Below we take an in-depth look into Laxogenin 100, to see its unusual key ingredient, 5-Alpha-Hydroxy-Laxogenin, can provide this sought-after balance.
Laxogenin 100 is a bodybuilding supplement that uses one key ingredient, 5-Alpha-Hydroxy-Laxogenin. Laxogenin is an anabolic supplement that has the unusual distinction of being naturally synthesized from a plant source. Though highly under-researched, the experiences posted by former users online suggest that the ingredient tends not to affect hormone levels, instead providing mild strength-boosting effects that come with fewer side effects and drawbacks.
Laxogenin 100 is manufactured by Hi-Tech Pharmaceuticals, a US-based supplement store based in the USA. Hi-Tech Pharma (as they are often called) are known mainly for their extraordinary history of litigation, having fought long and protracted legal battles with the FTC, FDA, respected university professors, medical authorities, and rival companies. The company is currently fighting to overturn the FDA’s existing ban on the dangerous stimulant DMAA, and continues to sell DMAA-based products until the legal point is clarified. The company is also associated with its selling of a useless form of ephedra and other products that attempt to mimic and impersonate illegal steroids. As of 2018, the company’s chances of winning their legal battles have been greatly hampered following another government raid, this time to confiscate $19 million worth of prohibited substances and to arrest the company’s CEO.
The true outcomes of using Laxogenin 100 are not known, as no human trials have ever been conducted to check that the ingredient remains safe/effective to use. Anecdotal evidence suggests that it may cause headaches, increased hair growth, or increased aggression if used at the dosages provided by Laxogenin 100.
Laxogenin 100 costs roughly what you would expect for a product of this type. On most 3rd party retailer websites (such as A1 Supplements and Best Price Nutrition), a 60-capsule supply costs $34.95. Customers may have to pay a little more on DPS Nutrition ($39.99) but the really high costs are reserved for Hi-Tech Pharma’s own website, where the same one-month supply costs $54.95.
Laxogenin 100 suffers from the same problems that plague many of the various designer drugs that have infected the world of bodybuilding – there is little to no research on whether this ingredient always works as you expect it to, and it is difficult to know the boundaries of its safety.
In articles like these, we make every effort to provide you with all the information on ingredients and how researchers (not advertisers) think that they work. But this is impossible with laxogenin! Instead, we have to rely on individual testimonies of ordinary bodybuilders, many of whom choose to stack Laxogenin 100 with a number of other testosterone-boosters and anabolic supplements.
Although these testimonies are hardly authoritative, the consensus appears to be that Laxogenin 100 is fairly mild. It’s relatively free from side effects when compared to chemically-similar substances (such as the banned oxandrolone), and appears to be mainly useful for injured athletes or those cycling off stronger alternatives. Most of the former customers we found are habitual fans of anabolic supplements, and opt for stacking the relatively weak effects of Laxogenin 100 with a number of other products.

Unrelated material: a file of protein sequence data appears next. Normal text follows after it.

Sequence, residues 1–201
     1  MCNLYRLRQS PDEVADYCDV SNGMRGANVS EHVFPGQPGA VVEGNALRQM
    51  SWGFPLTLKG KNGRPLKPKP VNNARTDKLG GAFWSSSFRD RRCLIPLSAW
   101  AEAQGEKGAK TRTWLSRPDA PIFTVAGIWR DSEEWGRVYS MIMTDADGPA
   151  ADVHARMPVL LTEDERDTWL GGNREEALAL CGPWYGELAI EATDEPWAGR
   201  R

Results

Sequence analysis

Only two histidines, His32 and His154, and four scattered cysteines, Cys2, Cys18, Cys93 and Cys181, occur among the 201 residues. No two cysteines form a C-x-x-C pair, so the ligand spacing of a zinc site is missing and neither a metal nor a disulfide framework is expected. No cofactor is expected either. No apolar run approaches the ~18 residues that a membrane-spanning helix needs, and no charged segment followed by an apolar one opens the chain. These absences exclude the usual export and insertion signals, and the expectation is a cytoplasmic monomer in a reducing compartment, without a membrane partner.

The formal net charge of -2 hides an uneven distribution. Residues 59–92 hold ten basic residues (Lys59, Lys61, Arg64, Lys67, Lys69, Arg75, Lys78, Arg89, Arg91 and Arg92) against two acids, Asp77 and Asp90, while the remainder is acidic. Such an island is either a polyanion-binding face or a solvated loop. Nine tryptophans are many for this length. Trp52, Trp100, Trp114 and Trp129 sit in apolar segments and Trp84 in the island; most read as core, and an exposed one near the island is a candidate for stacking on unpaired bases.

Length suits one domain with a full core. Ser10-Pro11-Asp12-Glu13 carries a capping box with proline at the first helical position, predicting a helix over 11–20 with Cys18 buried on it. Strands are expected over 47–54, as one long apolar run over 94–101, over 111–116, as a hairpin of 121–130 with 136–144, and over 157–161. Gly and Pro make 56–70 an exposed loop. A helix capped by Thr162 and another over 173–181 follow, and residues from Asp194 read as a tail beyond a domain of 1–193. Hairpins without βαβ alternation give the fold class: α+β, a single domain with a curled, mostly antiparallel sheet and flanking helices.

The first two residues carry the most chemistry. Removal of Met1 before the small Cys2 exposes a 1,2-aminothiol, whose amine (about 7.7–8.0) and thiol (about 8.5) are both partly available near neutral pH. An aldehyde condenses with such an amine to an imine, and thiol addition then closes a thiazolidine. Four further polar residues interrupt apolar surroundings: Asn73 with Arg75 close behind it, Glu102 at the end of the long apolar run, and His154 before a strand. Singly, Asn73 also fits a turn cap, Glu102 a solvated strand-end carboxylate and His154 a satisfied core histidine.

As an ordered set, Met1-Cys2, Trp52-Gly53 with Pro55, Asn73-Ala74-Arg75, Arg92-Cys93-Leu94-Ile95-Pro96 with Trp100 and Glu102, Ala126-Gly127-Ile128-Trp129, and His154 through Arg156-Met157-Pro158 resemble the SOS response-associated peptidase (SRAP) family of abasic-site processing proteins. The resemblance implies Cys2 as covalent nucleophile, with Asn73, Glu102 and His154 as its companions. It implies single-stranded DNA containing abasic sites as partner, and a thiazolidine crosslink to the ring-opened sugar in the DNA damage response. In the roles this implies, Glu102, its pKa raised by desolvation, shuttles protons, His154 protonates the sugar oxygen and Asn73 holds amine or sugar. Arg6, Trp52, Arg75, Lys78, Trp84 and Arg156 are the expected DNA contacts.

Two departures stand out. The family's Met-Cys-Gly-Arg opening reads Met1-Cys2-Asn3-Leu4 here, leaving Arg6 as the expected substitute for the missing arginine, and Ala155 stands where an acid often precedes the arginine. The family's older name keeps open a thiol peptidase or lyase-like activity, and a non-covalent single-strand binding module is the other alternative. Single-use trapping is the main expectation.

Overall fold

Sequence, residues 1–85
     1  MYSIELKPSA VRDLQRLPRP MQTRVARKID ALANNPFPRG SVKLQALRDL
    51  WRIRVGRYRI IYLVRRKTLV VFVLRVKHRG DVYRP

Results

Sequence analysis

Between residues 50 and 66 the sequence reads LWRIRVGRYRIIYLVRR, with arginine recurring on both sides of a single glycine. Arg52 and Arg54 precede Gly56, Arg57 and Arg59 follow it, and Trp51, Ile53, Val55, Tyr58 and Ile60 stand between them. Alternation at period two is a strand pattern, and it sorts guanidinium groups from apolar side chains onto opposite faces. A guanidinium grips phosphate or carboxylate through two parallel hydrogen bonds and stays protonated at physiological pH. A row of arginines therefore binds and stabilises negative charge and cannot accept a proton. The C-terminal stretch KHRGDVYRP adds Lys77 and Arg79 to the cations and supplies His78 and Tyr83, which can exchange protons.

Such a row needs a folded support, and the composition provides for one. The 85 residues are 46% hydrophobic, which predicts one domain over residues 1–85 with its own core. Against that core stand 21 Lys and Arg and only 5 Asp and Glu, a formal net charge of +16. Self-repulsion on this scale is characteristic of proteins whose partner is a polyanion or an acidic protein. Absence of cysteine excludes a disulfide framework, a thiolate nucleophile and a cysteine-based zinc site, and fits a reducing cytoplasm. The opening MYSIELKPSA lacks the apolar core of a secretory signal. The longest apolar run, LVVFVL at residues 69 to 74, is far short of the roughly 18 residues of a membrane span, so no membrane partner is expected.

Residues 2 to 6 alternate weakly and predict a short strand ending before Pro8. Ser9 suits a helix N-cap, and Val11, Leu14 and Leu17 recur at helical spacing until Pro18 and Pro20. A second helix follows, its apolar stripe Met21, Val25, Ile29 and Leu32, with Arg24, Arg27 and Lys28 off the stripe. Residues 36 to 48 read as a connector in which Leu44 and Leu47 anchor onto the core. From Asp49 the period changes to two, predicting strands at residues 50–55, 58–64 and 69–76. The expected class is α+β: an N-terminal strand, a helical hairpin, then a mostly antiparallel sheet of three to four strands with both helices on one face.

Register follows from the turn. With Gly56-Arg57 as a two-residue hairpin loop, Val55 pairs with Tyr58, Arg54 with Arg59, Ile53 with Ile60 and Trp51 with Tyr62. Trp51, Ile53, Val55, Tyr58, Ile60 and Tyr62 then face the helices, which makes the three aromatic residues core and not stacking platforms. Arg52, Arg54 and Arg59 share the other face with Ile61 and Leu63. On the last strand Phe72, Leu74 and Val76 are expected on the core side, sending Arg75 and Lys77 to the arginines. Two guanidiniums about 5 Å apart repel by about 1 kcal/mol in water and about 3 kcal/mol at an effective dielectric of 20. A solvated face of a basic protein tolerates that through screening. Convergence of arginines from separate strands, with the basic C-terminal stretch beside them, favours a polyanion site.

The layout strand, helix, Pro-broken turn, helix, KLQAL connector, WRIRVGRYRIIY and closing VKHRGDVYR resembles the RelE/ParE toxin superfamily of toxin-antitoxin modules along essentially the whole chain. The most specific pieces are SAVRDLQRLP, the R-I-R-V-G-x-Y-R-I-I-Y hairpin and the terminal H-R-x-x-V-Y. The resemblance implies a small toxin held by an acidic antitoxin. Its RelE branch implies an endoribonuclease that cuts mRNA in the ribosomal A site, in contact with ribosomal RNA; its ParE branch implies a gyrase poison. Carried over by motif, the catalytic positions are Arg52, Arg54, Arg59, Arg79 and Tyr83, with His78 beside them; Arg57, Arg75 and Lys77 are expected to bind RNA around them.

Taking Laxogenin 100 is obviously a risk and we wouldn’t recommend it in any case. If you would still like to give it a whirl, we would advise trying another manufacturer selling it, as Hi-Tech Pharmaceuticals provide nothing in the way of a returns policy, create simple products that are more expensive than competitors, and seem to have failed to create an appropriate delivery system for this notoriously poorly-absorbed ingredient.
Overall, we do not recommend Laxogenin 100 to our readers.
Laxogenin 100 is a bodybuilding supplement that contains a single natural anabolic ingredient (5-Alpha-Hydroxy-Laxogenin). Chemically similar to a prohibited artificially-synthesised substance called oxandrolone, this plant-based ingredient presumably works by boosting strength output and testosterone, although there is very little research out there to confirm its precise effects.
Laxogenin 100 is produced and sold by Hi-Tech Pharmaceuticals, an American manufacturer of various sports, weight loss, and sexual enhancement supplements. Hi-Tech Pharmaceuticals’ website is surprisingly poorly written and hard to understand for an English-speaking company, giving an unprofessional appearance that fails to inspire confidence in the quality of the products.
The directions for use are as follows:
Take 2 capsules daily.
As of 2018, Hi-Tech Pharmaceuticals is far more well-known for its legal battles with American authorities and university professors than for its effective and high-quality supplements. In late 2017, the company suffered an astonishing blow when its facility was raided and its CEO, Jared Wheat, was arrested (again). During the raid, over $19 million worth of prohibited substances was confiscated, all of which contained a drug called lovastatin (which is illegal to sell as a supplement despite its obvious natural origins). The company is also locked into a huge and expensive lawsuit with the FDA over the right to sell the banned and dangerous substance, DMAA. The company can be contacted via the contact details provided on the website.